Hotel Rwanda

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I decided to surf the internet in search of inspiration, and I found it on the website. Robert Benjamin's article "Hotel Rwanda and the Guerrilla Negotiator" definitely caught my eye…particularly since I had checked the DVD out from the library last Friday but hadn't yet watched it. Benjamin's article piqued my interest enough to do some additional research on Rwanda, and passion was born.

While a colony of Belgium, Rwanda was separated into two tribal groups which many say was based on physical characteristics such as the wideness of the nose: the common Tutsi (majority), and the upper-class Hutu (minority). For many years, the Tutsis were powerful and mistreated the Hutus. In 1962, Rwanda gained its independence from Belgium, the power shifted to the Hutus, many of whom wanted to exact their revenge on the enemy Tutsis.

In 1993, Canadian General Romeo Dallaire was put in charge of the United Nations Mission to Rwanda to facilitate implementation of the Arusha peace accords after they were signed by the Hutus and the Tutsis. That mission was derailed when the Hutu president's plane was shot down by Tutsi rebels. The president's assassination was the precipitating event of what would become known as the genocide in Rwanda.

"When people ask me, good listeners, why do I hate all the Tutsi, I say: read our history. The Tutsi were
collaborators for the Belgian colonists, they stole our Hutu land, they whipped us. Now they have come back. We will

squash the infestation."
-- ITLM Hutu Power Radio

Then, I watched the movie.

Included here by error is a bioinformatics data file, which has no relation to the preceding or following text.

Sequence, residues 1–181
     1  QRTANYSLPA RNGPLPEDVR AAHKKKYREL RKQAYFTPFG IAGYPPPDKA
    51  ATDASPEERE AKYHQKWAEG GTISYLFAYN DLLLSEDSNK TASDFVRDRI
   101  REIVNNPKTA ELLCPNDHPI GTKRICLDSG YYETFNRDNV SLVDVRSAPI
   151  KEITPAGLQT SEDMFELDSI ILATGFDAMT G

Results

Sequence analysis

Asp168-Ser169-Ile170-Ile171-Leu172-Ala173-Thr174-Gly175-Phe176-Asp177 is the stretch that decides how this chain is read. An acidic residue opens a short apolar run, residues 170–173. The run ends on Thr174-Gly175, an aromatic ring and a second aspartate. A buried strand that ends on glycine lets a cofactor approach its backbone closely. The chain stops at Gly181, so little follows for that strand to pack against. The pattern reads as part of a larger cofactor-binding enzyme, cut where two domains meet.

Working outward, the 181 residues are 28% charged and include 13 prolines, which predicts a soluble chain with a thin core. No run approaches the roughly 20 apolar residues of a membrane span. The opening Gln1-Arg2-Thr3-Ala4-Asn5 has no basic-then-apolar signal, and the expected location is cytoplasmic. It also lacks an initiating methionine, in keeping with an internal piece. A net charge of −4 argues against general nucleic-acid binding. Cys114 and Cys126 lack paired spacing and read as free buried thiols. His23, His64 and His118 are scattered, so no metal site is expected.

In a recreation of actual events, we are taken to Kigali, Rwanda's capitol, shortly before the 100-day genocide began. Ultimately, at least 800,000 – some say over 1,000,000 – were killed.

Paul Rusesabagina is the central figure of the story and Benjamin's designated Guerrilla Negotiator. Rusesabagina managed the exclusive Hotel Des Milles Collines (owned by a Belgian company) and developed a network of powerful allies (including a crooked Hutu army general) – plying them with bribes with the hope they would be available should he ever need a favor. A Hutu married to a Tutsi, and the father of three young children, Rusesabagina initially refused to believe the rumors of increasing hostility and brutality against the Tutsis (routinely called cockroaches by the Hutu rebels). When Rusesabagina can no longer ignore the growing violence, his wife compels him to include Tutsi relatives (those who can be found), neighbors, and friends in their exodus to the safety of the hotel. As the UN refugee camp reached overload, Rusesabagina is continually asked to provide sanctuary for more Tutsi refugees. Through continued wheeling, dealing, and manipulation, Rusesabagina is directly responsible for saving the 1,268 lives. He and his wife adopted two surviving nieces and now reside with them and their own three children in Belgium.

Benjamin points out that almost every scene in the film showcases the power of negotiation "as a means of survival even in the face of vile and irrational human behavior", adding "there is much to be gleaned from the gritty style of negotiation that is compelled in those circumstances." Benjamin calls this "guerrilla negotiation", adding "borne out of necessity, not ideology, he or she operates solely by their own wits, earning credibility and trading on their ability to convey a personal sense of authenticity."

Armed with Benjamin's perspective in my mind, I found it easy to spot the ongoing negotiation he noted…and just as easily realized I probably wouldn't have categorized it as such if I hadn't read the article first.

Clearly, Rusesabagina reads people exceedingly well, recognizes what it will take to get what he wants/needs from them,...
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